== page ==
You can check out the full Pew Hispanic survey, as well as the Pew Center research showing Democrats being more conflicted on cultural issues than Republicans. Today's New York Times has a depressing, but important, front page article on how meth abuse is straining the foster care and social services systems in rural America, another example of where current policies aren't just not going good things for rural America, they're affirmatively harmful. And it's in the column, but the Progressive Legislative Action Network website and David Sirota's individual weblog are where you go for angry white guy policy stuff.

Finally, the local Phoenix papers didn't cover Warner's speech, but the Washington Post did. So maybe now that it's been in the national media, the local folks will play "catch up" by writing a meta-story about how the national press covered something that happened in Phoenix.

East Valley Tribune, Jul. 10, 2005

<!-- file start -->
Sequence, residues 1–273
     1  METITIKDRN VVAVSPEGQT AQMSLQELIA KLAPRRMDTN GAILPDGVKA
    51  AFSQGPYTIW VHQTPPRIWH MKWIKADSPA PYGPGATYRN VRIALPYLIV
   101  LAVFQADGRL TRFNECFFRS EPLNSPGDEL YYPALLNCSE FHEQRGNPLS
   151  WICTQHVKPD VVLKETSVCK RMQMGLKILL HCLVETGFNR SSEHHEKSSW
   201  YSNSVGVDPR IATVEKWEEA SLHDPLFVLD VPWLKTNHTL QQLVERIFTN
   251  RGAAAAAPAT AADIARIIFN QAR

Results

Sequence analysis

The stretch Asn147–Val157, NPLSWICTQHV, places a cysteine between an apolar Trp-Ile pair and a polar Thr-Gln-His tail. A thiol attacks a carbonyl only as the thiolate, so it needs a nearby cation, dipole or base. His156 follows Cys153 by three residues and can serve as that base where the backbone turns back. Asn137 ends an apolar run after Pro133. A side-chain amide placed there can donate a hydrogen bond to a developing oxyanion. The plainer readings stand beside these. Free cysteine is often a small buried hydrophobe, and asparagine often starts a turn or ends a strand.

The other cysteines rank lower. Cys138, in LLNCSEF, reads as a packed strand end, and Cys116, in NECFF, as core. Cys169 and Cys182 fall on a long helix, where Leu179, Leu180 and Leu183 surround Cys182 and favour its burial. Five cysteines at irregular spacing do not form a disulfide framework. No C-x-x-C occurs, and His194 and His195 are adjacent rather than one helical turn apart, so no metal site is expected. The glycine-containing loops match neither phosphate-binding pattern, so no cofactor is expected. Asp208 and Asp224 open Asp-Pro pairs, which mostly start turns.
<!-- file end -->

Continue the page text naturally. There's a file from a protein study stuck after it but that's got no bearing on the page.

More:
Gov. Mark Warner of Virginia, elected with surprising support from rural voters supposedly off-limits to Democrats, was scheduled to speak to Arizona Democrats yesterday. That prompted me to study some math Democrats seem determined to ignore.

First, despite all the talk about Roe v. Wade or moderate Republicans’ discomfort with cultural conservatives, a recent Pew Research Center study, cited by Matthew Yglesias of The American Prospect, shows Democrats are far more divided over cultural issues that Republicans. Democrats are the bigger tent, culturally; by harping on those issues, we just help Republicans avoid divisions on economic issues.

Second, while overall Hispanic population booms, the Hispanic vote hasn’t grown nearly so fast. The Pew Hispanic Center found that while between 2000 and 2004 total Hispanic population increased by 5.7 million, about two-thirds weren’t eligible to vote, being either under 18 or non-citizens.